A Haryana court has sentenced to two-and-a-half years in jail two executives of a pharmaceutical company, which was recently under the scanner for alleged cough syrup related deaths in Gambia, in another case of export of sub-standard drugs to Vietnam nearly a decade ago.
Additional Sessions Judge, Sonipat, Sanjeev Arya, sentenced Naresh Kumar Goel, Director of Maiden Pharmaceuticals, and Mahender Kumar Sharma, Technical Director, to jail and also imposed a fine of Rs one lakh each.
The complainant, a drug inspector of the Central Drugs Standard Control Organisation (CDSCO), North Zone, Ghaziabad, had inspected the manufacturing premises of the company here to investigate the matter regarding the export of medical products from India to Vietnam in 2014.
A sample of drugs was taken by the complainant during the investigation for testing and analysis.
One portion of the sample was sent to Government Analyst, for a test at Regional Drugs Testing Laboratory Chandigarh in March 2014. After analysis, the Government Analyst of Regional Drugs Testing Laboratory, Chandigarh, declared the sample as not of Standard Quality, according to the complainant.
It was alleged that the company did not maintain the quality standard of drugs as required under the rules for exporting them to Vietnam.
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The court, in its verdict delivered last week, held that the complainant has duly proved the charge against the accused.
"Looking into entire facts and circumstances either on the factual or legal front, this court has come to the conclusion that the complainant/ prosecution has duly proved the charge by leading substantial piece of oral evidence corroborated with documentary evidence under section 27 (d) for contravention of section 18 (aa) (i) of Drugs and Cosmetic Act, 1940, beyond a shadow of reasonable doubt," read the order.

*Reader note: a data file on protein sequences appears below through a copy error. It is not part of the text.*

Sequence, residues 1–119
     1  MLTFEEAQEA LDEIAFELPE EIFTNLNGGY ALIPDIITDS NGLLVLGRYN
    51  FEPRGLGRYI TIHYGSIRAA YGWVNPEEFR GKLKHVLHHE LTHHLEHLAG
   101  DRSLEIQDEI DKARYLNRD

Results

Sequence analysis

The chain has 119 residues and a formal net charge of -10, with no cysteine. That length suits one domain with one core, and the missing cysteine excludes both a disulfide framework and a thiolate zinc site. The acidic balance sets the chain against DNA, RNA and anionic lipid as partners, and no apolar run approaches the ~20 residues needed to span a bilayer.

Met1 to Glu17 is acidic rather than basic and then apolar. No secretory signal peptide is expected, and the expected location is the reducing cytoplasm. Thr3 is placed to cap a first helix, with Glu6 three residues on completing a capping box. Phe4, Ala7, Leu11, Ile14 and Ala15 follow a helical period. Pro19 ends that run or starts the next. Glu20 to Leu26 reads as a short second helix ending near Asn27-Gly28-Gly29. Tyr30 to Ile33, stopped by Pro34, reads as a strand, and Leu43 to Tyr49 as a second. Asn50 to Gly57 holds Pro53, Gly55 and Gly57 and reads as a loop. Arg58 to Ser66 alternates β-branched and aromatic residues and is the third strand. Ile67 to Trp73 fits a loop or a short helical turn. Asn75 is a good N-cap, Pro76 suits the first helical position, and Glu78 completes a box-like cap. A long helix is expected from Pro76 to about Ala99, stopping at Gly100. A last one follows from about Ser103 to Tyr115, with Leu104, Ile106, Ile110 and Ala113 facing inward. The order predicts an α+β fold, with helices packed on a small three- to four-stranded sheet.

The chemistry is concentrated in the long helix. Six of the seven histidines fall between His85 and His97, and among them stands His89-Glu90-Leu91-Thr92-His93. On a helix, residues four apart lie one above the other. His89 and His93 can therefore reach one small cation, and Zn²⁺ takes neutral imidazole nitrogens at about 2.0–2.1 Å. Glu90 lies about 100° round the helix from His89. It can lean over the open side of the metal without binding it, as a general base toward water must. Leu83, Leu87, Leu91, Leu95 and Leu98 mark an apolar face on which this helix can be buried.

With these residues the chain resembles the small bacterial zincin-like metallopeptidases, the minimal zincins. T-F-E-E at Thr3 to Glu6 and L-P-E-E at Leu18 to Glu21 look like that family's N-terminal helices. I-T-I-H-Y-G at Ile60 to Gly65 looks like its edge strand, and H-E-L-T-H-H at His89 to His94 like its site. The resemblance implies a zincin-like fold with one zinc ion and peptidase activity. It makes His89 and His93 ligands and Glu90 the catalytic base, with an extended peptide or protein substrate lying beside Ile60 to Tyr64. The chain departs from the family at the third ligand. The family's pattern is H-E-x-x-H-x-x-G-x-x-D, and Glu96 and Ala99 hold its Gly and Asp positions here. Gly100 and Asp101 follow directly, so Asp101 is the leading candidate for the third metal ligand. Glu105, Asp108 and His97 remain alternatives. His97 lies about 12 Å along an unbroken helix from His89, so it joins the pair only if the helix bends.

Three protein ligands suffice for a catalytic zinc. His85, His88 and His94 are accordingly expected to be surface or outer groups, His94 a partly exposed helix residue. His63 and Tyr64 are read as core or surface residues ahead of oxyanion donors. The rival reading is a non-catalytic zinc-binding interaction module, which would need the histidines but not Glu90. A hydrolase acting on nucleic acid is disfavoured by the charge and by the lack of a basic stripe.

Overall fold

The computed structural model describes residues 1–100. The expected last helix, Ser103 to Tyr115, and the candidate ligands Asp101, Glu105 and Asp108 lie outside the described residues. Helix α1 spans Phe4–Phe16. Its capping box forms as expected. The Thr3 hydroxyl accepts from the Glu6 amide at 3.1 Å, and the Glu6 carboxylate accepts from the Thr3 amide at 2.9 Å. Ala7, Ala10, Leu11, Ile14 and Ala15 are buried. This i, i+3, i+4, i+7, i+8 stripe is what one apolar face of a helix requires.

In October, the WHO issued an alert saying cough syrups manufactured by the company could potentially be linked to the death of children in Gambia.
However, after an inquiry, India's drug regulator told the global health body that it drew a premature link between the deaths of children in Gambia and the four India-made cough syrups which adversely impacted the image of the country's pharmaceutical products across the globe.
In a letter to Dr Rogerio Gaspar, Director (Regulation and Prequalification) at WHO, Drugs Controller General of India (DCGI) Dr V G Somani said a statement issued by the global health body in October in the wake of the deaths "was unfortunately amplified by the global media which led to a narrative being built internationally targeting the quality of Indian pharmaceutical products".
The DCGI said Gambia has informed, according to media, that there has been no direct causal relation established yet between the cough syrup consumption and the deaths, and that certain children who had died had not consumed the syrup in question.
In the letter, Somani said the samples of four made-in-India cough syrups linked to the deaths of 66 children in Gambia which were tested in a government laboratory here were found to be complying with specifications and not contaminated with diethylene glycol (DEG) and ethylene glycol (EG).
Cough syrup samples of Maiden Pharmaceuticals have been found to be of standard quality, the government had also told Parliament.
Central Drugs Standard Control Organisation (CDSCO) in coordination with State Drug Controller, Haryana had carried out a joint investigation of Maiden Pharmaceuticals in Kundli, Sonepat to ascertain the facts.
During the investigation, it was revealed that the State Drug Controller, Haryana had given licences to the company for the manufacture of four drugs for export only, Minister of State for Chemicals and Fertilisers Bhagwanth Khuba said in a written reply in Rajya Sabha on December 13.
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